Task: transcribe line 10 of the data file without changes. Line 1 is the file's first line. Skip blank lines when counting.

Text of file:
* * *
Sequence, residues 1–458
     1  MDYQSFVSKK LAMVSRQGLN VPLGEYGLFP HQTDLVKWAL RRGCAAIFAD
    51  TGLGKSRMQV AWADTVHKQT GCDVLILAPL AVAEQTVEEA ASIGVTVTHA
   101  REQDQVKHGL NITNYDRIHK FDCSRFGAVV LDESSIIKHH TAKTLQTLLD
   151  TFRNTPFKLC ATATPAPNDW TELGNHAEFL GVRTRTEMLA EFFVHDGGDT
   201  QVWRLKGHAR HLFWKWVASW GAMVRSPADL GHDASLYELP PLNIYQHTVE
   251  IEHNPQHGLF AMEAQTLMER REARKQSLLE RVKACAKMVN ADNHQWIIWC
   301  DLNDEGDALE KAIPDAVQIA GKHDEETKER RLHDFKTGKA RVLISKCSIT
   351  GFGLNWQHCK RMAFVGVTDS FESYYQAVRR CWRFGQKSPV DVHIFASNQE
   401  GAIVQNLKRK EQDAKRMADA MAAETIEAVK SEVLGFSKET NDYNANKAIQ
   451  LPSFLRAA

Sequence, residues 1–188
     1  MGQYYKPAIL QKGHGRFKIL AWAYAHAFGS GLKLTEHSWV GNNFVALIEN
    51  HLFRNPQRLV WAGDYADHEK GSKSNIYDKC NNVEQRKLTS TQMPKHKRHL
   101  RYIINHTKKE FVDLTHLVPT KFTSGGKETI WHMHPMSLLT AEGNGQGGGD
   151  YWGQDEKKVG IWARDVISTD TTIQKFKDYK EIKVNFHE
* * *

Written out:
   401  GAIVQNLKRK EQDAKRMADA MAAETIEAVK SEVLGFSKET NDYNANKAIQ